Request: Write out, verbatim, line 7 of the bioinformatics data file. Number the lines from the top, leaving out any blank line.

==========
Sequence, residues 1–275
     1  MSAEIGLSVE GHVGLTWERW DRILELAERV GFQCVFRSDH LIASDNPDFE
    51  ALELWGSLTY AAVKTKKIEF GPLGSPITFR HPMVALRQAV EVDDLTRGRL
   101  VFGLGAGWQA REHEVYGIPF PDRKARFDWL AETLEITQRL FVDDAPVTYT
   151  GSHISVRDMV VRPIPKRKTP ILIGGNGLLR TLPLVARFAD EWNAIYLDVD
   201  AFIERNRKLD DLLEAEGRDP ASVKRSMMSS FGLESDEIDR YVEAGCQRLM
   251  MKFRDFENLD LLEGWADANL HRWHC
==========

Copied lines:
   251  MKFRDFENLD LLEGWADANL HRWHC